Verse > Anthologies > Arthur Quiller-Couch, ed. > The Oxford Book of Ballads
  PREVIOUS NEXT  
CONTENTS · BIBLIOGRAPHIC RECORD
Arthur Quiller-Couch, ed. (1863–1944).  The Oxford Book of Ballads.  1910.
 
80. The Heir of Linne
 
 
I

THE BONNY heir, and the well-faur’d heir,
  The weary heir o’ Linne—
Yonder he stands at his father’s yetts,
  And naebody bids him in.
 
II

‘O see for he gangs, and see for he stands,
        5
  The unthrifty heir o’ Linne!
O see for he stands on the cauld causey,
  And nane bids him come in!’
 
III

His father and mother were dead him fro’,
  And so was the head o’ his kin;        10
To the cards and dice that he did run,
  Did neither cease nor blin.
 
IV

To drink the wine that was so clear
  With all he would mak’ merrye;
And then bespake him John o’ the Scales,        15
  To the heir of Linne said he:
 
V

‘How doest thou, thou Lord of Linne
  Doest want or gold or fee?
Wilt thou not sell thy lands so broad
  To such a good fellow as me?’        20
 
VI

He told the gold upon the board,
  Wanted never a bare pennye:
‘The gold is thine, the land is mine,
  The heir of Linne I will be.’
 
VII

‘Here’s gold enow,’ saith the heir of Linne,
        25
  ‘For me and my companye.’
He drank the wine that was so clear,
  And with all he made merrye.
 
VIII

Within three quarters of a year
  His gold it waxèd thin;        30
His merry men were from him gone,
  Bade him, ‘To the de’il ye’se gang!’
 
IX

‘Now well-a-day!’ said the heir of Linne,
  ‘I have left not one pennye.
God be with my father!’ he said,        35
  ‘On his land he lived merrilye.’
 
X

His nourice at her window look’d,
  Beholding dale and down,
And she beheld this distress’d young man
  Come walking to the town.        40
 
XI

‘O see for he gangs, and see for he stands,
  The weary heir o’ Linne!
O see for he stands on the cauld causey,
  And nane bids him come in!’—
 
XII

‘Sing owre again that sang, nourice,
        45
  The sang ye sung just now.’—
‘I never sung a sang i’ my life
  But I would sing owre to you.
 
XIII

‘Come here, come here, Willy,’ she said,
  ‘And rest yoursel’ wi’ me;        50
I hae seen you in better days,
  And in jovial companye.’—
 
XIV

‘Gie me a sheave o’ your bread, nourice,
  And a bottle o’ your wine,
And I will pay it you owre again        55
  When I am Lord of Linne.’—
 
XV

‘Ye’se get a sheave o’ my bread, Willy,
  And a bottle o’ my wine;
But ye’ll pay me when the seas gang dry,
  For ye’ll ne’er be Lord o’ Linne.’        60
 
XVI

Then he turn’d him right and round about,
  As will a woman’s son,
And aff he set and bent his way
  And cam’ to the house o’ Linne.
 
XVII

But when he cam’ to that castle,
        65
  They were set down to dine;
A score of nobles there he saw,
  Sat drinking at their wine.
 
XVIII

Then some bade gie him beef and fish,
  And some but bane and fin,        70
And some bade gie him naething at a’,
  But let the palmer gang.
 
XIX

Then out it speaks him John o’ Scales,
  A saucy word spak’ he:
‘Put round the cup, give the beggar a sup,        75
  Let him fare on his way.’
 
XX

Then out it speaks Sir Ned Magnew,
  Ane o’ young Willy’s kin:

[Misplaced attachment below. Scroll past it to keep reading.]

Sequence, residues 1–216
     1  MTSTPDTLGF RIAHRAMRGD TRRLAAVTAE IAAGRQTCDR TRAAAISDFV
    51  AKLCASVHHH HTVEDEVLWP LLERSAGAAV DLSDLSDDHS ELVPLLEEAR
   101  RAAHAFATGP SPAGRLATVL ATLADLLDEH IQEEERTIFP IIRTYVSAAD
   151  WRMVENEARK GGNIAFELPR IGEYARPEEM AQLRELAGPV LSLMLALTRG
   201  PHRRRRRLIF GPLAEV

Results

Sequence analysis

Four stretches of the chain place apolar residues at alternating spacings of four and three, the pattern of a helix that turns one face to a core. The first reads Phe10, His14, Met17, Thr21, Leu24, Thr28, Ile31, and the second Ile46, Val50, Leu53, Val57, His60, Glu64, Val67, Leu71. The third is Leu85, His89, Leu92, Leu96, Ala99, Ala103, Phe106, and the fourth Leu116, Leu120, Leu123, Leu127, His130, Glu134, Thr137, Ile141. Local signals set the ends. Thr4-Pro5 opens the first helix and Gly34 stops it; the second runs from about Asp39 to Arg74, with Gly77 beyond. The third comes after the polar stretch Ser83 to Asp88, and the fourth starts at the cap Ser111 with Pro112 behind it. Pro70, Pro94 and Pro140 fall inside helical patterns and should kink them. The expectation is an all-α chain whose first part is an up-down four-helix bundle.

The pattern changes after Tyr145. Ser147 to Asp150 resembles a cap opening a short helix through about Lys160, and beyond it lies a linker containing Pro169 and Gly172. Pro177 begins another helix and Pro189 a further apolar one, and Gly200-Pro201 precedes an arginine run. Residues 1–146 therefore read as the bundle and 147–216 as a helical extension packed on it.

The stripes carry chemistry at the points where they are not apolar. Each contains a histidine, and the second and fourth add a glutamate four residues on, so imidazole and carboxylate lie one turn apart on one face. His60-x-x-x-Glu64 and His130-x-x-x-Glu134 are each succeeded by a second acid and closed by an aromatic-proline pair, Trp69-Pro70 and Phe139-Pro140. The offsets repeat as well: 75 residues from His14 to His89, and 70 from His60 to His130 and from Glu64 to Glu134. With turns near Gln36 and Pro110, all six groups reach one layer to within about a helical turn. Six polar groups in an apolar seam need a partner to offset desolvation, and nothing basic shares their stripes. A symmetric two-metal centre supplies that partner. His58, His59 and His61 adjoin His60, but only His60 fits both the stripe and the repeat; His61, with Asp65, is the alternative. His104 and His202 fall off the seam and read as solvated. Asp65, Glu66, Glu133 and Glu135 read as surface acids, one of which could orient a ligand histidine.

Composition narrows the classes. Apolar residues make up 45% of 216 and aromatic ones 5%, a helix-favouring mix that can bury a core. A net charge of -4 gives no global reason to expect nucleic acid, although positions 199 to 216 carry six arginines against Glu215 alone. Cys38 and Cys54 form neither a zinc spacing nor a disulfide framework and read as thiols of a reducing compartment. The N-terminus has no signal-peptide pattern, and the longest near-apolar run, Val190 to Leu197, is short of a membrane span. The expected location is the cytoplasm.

‘This youth was ance a sprightly boy
  As ever lived in Linne.’        80
 
XXI

He turn’d him right and round about,
  As will a woman’s son,
Then minded him on a little wee key
  That his mother left to him.
 
XXII

His mother left him this little wee key
        85
  A little before she deed;
And bade him keep this little wee key
  Till he was in maist need.
 
XXIII

Then forth he went, these nobles left
  All drinking in the room;        90
Wi’ walking rod intill his hand
  He walk’d the castle roun’:
 
XXIV

Till that he found a little door,
  And therein slipp’d the key;
And there he found three chests in fere        95
  Of the red and the white monie.
 
XXV

Back then through the nobles a’
  He went and did not blin,
Until he cam’ where John o’ the Scales
  Was seated [at the wine].        100
 
XXVI

Then out and spake it John o’ Scales,
  He spake wi’ mock and jeer:
‘I’d gie a seat to the Lord o’ Linne
  If sae be that he were here.
 
XXVII

‘When the lands o’ Linne a-selling were
        105
  A’ men said they were free;
I will sell them twenty pound better cheap
  Nor ever I bought of thee.’—
 
XXVIII

‘I tak’ ye to witness, nobles a’!
  —He cast him a God’s pennye—        110
‘I will buy them twenty pound better cheap
  Nor ever he bought of me.’
 
XXIX

He’s done him to the gaming-table,
  For it stood fair and clean;
And there he’s tould as much rich gold        115
  As free’d the lands o’ Linne.
 
XXX

He told the gold there over the board,
  Wanted never a broad pennye;
‘The gold is thine, the land is mine,
  Lord o’ Linne again I’ll be.’        120
 
XXXI

‘Well-a-day!’ said John o’ the Scales’ wife,
  ‘Well-a-day, and woe is me!
Yesterday I was the Lady o’ Linne,
  And now I’m a naebodye!’
 
XXXII

But ‘Fare thee well,’ said the heir of Linne,
        125
  ‘Now John o’ the Scales!’ said he:
‘A curse light on me if ever again
  My lands be in jeopardye!’
 
GLOSS:  well-faur’d] well-favoured.  yetts] gates.  causey] causeway, pavement.  blin] stint, check.  sheave] slice.  in fere] together.  God’s pennye] earnest or luck-penny.
 

CONTENTS · BIBLIOGRAPHIC RECORD
  PREVIOUS NEXT  
 
Loading
Click here to shop the Bartleby Bookstore.

Shakespeare · Bible · Strunk · Anatomy · Nonfiction · Quotations · Reference · Fiction · Poetry
© 1993–2014 Bartleby.com · [Top 150] · Subjects · Titles · Authors